Industry analysts estimate there are at least 25 other companies with active angiogenesis-research programs, including pharmaceutical powerhouses SmithKline Beecham PLC, Merck & Co. and Novartis.
Some analysts estimate that an effective angiogenesis inhibitor for cancer could bring annual sales of $1 billion.
"There's enormous competition in the field now," said Auerbach at Seidler. "But for me the mice data on these two proteins is very compelling. The first time I read it over, it blew my socks off."
The analyst said he believes that the Times story justifiably gave EntreMed exposure it deserves. The company was launched in 1991, principally to license and market drug research of others.
'Very strong pipeline'
"People are finally getting excited about this company," Auerbach said.
"It's been amazing to me how depressed their share price has been for so long. They have a very strong pipeline of drugs in the works. I think it's safe to assume that from now on this will be a widely viewed stock."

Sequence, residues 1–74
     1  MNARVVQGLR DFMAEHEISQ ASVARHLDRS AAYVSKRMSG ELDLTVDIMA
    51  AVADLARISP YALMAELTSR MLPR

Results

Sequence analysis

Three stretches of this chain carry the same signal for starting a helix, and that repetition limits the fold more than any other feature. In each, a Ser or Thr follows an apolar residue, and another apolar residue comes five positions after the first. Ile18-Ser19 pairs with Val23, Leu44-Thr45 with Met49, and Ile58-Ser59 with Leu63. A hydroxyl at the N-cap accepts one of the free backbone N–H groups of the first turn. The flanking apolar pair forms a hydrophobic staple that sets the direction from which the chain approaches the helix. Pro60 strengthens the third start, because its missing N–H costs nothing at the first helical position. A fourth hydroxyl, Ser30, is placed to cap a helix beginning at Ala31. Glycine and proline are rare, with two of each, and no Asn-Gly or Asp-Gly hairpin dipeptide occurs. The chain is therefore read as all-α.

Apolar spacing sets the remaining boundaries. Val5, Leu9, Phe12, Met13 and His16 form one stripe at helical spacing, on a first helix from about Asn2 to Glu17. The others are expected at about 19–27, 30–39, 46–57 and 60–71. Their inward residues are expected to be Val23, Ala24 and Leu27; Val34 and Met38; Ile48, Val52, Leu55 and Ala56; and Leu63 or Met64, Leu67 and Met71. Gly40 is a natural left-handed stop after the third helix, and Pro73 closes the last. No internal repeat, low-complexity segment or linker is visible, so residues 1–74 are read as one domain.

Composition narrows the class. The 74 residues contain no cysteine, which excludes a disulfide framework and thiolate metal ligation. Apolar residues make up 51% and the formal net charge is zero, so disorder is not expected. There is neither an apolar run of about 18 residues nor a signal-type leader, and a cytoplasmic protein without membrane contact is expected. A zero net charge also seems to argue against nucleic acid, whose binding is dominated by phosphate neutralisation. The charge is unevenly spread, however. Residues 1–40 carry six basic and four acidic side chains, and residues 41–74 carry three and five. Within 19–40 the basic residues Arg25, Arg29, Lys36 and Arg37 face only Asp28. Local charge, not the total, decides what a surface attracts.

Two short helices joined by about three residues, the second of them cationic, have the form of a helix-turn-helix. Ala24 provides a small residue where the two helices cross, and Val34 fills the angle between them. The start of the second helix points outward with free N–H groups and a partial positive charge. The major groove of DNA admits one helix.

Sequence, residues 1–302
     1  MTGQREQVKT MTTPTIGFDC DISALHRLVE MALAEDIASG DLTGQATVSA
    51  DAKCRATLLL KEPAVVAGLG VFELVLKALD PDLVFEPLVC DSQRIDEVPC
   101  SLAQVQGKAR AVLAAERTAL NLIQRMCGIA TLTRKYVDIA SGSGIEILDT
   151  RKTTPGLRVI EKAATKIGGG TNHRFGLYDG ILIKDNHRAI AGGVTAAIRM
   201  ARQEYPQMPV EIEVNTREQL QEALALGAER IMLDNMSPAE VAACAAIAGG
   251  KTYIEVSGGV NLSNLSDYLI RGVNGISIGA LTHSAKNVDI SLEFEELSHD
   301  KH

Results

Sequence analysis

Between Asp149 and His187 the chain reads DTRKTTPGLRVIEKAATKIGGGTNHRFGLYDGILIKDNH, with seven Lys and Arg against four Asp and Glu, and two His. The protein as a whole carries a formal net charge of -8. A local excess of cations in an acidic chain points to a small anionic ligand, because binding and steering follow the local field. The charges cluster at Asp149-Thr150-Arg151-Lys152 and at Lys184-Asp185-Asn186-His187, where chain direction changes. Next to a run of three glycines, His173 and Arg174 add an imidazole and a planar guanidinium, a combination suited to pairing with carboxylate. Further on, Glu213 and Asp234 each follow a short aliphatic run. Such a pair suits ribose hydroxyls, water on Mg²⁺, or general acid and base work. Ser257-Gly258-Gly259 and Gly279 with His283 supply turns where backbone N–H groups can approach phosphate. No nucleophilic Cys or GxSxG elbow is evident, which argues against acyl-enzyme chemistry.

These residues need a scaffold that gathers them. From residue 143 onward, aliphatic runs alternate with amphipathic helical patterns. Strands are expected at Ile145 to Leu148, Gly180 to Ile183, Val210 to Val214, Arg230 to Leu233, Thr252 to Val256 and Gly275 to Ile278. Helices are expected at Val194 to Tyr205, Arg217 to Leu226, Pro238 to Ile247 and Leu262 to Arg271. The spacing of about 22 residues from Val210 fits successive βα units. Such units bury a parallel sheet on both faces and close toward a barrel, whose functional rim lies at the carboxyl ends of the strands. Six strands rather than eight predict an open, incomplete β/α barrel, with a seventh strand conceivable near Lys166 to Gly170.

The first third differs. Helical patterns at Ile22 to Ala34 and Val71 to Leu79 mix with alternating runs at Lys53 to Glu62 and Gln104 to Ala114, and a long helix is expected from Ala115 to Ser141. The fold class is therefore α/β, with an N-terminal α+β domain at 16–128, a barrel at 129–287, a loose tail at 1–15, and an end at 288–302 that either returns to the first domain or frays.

EntreMed licensed the rights to angiostatin and endostatin, as well as two others, from Harvard. As part of the licensing agreement, EntreMed agreed to provide about $11 million in funding for Folkman's research. That agreement expires next April.
More licensing talks
In turn, EntreMed signed a $76 million partnership agreement with Bristol-Myers Squibb Co. Under that deal, BMS has the rights to market Thalidomide-based drugs for treating cancer and an eye disease that EntreMed is working on as well as any drugs the company develops based on the angiostatin protein.
Bristol-Myers stock gained $3.3125 yesterday to close at $109.3125.
EntreMed's Campbell said the company has been in licensing talks with several potential drug partners interested in the endostatin protein.
Starving a tumor
1) A cancer tumor releases substances to stimulate the growth of new blood vessels, which it needs to survive.
2) Two new drugs kill tumors by starving them. One releases a substance that stops the rapid growth of new blood vessels. The other blocks the new vessels from forming in the first place.
3) Deprived of nourishment, the tumor shrinks and ultimately dies.
Pub Date: 5/05/98